Young English players have come of age under Rodgers because he knows what he is doing. They have played with a gloriously uninhibited freedom in their rise to the top.

They are a joy to watch, at times invoking the spirit of the night they mauled Nottingham Forest 5-0 in April, 1988 when John Barnes was one of the greatest players in the world.

Suarez assumes a similar lofty role in this side. The Uruguayan forward is a figure who is as close as it gets to uncontrollable. He is an honourable third in world football behind Lionel Messi and Cristiano Ronaldo.

Liverpool remind one of Barcelona such is their ability to retain, reuse and recycle the ball, but there is variety to what they do. They creak now and again in defence, but that is only because their main five men press the game so high up the pitch.

Luis Suarez, Daniel Sturridge, Raheem Sterling, Philippe Coutinho and Jordan Henderson are so vibrant that City have to beware of playing the ball out from the back. For those who lament English talent, three of those five are from these shores.

Sturridge has contributed 20 goals, mostly from his own work. And there we were wondering why England could not produce world-class quality.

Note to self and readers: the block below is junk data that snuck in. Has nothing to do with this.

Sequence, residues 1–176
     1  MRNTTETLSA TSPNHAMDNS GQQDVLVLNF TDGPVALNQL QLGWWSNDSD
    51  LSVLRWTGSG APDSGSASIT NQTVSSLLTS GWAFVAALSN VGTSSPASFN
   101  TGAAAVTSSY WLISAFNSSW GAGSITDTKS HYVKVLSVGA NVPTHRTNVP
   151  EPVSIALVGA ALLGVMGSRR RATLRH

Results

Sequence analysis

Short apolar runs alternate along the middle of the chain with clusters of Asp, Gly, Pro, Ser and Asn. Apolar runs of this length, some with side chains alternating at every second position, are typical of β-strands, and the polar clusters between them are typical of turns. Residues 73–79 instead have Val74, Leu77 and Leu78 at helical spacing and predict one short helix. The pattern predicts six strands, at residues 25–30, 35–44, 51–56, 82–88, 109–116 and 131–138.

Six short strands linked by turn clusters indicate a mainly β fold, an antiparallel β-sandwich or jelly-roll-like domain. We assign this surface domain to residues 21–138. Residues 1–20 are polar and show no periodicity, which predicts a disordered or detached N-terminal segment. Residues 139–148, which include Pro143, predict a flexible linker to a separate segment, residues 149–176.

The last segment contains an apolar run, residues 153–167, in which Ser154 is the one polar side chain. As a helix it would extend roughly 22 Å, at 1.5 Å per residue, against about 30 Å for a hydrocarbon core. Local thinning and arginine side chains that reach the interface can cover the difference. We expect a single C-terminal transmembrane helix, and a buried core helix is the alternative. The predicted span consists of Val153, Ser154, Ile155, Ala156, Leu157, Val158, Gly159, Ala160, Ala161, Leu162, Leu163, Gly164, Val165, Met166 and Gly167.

Not only is Rodgers a fine man-manager and forward thinking, the Northern Irishman is also a coach of real substance in improving what he inherited.

Rodgers has signed goalkeeper Simon Mignolet, Sturridge and Coutinho, but the other eight were outed by predecessors Rafael Benitez, or Dalglish in his flawed second stint running the business.

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West Ham apparently forced the Liverpool team bus to park miles away from Upton Park. The hosts didn't water the pitch, and there was a lack of air conditioning in the dressing room.

But with leading sports psychiatrist Dr Steve Peters now on the bench - a figure who has helped British Olympians and world snooker champion Ronnie O’Sullivan overcome their mental agonies - Liverpool are not dissuaded. Gerrard has commented that he appreciates the virtue of patience because of Dr Peters.

Liverpool's fans have had to be patient. Winning the title would be celebrated as a victory for Rodgers’ coaching philosophy.

It would be a victory for a captain in Gerrard who has carried himself immensely in embodying what is good about the world game. Perhaps most poignantly in these days of remembrance, it would be a win for a club and city scarred by some dark times.

A win and a timely tribute for the families of those 96 victims who perished at Sheffield's Hillsborough Stadium in the horrific 1989 FA Cup semi-final.

Liverpool lifting the Premier League trophy would be a triumph for football.